Quantcast Tape Recorder Meters

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2.4.7 Availability and Compatibility.  PSRs of various capabilities are
available in the commercial q arketplace.  Prices and accessories vary
considerably.  When renting, leasing, or purchasing equipment, ensure that all
components needed to undertake a complete survey are obtained.  Additionally,
ensure that survey equipment components are compatible with each other.
2.5 Tape Recorder Meters.  A tape recorder meter is used often for periodic
monitoring because it provides a graph that is easy to analyze.  Tapes offer
immediate data for use in comparing actual power demand with rate schedule
provisions of the utility.  These meters are portable and do not interrupt
service when connected. The meter uses clamp-on type current transformers and
may use battery power or 100 volts alternating current (VAC).
2.6 Time-of-Use Meter. Time-of-use meters have not changed for many years;
improvements to them have been evolutionary rather than revolutionary. With
availability of integrated circuit processors and electronic digital memories,
tasks performed by these meters that were originally difficult or impossible,
are now easier. This meter is based on a standard watthour meter structure
with pulse output to an integral microprocessor-based register.  With a
precise internal clock it can be programmed to handle any time-dependent
provisions in a rate schedule, such as time-of-day and time-of-year rate
changes. The reduction of meter data can provide the  following types of
Total kWh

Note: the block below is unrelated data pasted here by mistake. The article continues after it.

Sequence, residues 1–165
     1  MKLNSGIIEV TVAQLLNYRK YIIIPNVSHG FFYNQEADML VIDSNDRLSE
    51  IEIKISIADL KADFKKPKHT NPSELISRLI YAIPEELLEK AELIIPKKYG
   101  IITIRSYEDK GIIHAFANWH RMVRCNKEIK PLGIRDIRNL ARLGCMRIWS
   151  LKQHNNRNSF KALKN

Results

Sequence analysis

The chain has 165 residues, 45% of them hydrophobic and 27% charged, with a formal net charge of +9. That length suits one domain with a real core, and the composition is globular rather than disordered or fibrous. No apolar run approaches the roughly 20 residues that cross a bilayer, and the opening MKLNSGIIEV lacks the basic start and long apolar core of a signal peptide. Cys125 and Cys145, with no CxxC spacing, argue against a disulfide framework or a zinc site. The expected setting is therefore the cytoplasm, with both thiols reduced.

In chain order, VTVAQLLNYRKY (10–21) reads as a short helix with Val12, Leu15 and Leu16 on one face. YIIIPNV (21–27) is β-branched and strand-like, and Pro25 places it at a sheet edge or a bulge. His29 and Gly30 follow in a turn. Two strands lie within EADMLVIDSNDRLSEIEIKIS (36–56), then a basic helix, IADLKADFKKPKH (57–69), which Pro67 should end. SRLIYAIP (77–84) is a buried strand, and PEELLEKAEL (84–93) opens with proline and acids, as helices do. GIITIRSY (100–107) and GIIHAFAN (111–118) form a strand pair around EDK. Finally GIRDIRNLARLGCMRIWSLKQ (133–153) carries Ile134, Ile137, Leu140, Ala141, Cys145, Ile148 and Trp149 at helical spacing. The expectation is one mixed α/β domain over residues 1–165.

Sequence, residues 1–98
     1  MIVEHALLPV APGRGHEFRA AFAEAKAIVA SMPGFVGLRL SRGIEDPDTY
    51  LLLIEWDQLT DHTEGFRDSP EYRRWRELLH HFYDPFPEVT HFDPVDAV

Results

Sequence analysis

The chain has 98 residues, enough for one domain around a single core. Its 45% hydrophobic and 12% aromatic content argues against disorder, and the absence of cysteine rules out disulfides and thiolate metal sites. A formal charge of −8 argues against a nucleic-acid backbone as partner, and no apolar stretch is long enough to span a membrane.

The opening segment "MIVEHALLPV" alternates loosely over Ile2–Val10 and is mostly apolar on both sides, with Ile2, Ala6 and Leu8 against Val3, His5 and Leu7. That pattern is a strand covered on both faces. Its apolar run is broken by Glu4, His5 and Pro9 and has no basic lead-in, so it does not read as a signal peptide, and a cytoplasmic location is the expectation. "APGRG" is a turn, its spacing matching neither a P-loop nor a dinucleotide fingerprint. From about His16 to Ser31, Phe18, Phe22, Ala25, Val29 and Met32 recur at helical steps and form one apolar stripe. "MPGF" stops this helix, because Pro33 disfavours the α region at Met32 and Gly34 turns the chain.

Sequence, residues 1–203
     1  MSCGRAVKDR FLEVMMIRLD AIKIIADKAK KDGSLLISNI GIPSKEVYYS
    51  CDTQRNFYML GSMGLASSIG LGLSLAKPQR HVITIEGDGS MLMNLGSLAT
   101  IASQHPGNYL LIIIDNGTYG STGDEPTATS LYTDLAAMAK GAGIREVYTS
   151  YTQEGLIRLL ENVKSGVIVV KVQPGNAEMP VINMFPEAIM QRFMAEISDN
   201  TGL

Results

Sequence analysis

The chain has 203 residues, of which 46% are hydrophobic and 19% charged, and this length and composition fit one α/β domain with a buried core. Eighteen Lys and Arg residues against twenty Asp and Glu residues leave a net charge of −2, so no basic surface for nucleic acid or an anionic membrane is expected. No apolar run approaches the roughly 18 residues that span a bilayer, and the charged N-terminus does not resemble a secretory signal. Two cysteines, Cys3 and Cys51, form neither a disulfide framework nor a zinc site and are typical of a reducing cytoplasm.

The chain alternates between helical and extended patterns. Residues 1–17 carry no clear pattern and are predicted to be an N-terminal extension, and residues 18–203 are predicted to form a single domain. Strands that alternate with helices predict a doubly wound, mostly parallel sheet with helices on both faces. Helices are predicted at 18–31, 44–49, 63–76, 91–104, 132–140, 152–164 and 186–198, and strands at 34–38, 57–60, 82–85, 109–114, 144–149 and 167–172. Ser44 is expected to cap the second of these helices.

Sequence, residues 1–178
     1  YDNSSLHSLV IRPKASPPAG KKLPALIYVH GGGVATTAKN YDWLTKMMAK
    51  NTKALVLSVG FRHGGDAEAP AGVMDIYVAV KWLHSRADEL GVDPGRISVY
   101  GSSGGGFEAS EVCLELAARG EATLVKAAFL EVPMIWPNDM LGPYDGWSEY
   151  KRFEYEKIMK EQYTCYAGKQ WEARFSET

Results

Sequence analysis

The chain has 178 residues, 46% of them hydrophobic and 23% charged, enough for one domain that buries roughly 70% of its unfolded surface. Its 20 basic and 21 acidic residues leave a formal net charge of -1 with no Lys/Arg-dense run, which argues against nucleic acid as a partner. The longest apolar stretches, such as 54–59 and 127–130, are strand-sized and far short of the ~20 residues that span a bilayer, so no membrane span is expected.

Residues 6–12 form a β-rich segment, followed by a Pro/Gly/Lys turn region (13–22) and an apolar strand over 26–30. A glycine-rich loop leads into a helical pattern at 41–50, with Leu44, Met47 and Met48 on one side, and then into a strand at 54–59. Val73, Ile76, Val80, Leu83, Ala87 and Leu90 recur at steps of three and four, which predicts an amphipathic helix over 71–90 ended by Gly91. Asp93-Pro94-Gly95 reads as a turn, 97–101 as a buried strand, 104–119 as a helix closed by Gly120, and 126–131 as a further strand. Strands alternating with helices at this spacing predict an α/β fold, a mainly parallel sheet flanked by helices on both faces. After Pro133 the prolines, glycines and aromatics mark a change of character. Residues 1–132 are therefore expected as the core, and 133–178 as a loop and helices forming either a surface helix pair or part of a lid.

Onpeak kWh
q Offpeak kWh
q Mid-peak kWh
q Mid-peak kW demand
q Onpeak kW demand
q Offpeak kW demand
2.7 Power Factor and Negative Sequence Meters. Power factor and negative
sequence meters are available to meet specific needs.
2.7.1 Power-Factor-Meter. A power-factor meter indicates either a single or
three-phase value leading or lagging.  It requires both potential and current
connections much the same as a wattmeter.  Most power-factor meters are
single-phase devices and are not accurate on either imbalance voltage or
current on a three-phase system.  Some electronic meters respond to zero
crossings and, in the presence of distortion, are not accurate.
2.7.2 Negative Sequence Meter.  A negative sequence meter indicates the
presence and magnitude of negative sequence voltage or current, usually
associated with system imbalance, fault conditions, or both.
3.1 Pulse Device (Digital).  A widely used method of demand metering is the
block interval, so called because a kWh measurement is totalized over a block
of time, typically a 15- or 30-minute period.  The most flexible and easily
computerized block interval metering technique is pulse totalization.  Each
pulse represents a specified amount of kilowatt hours read by the meter from


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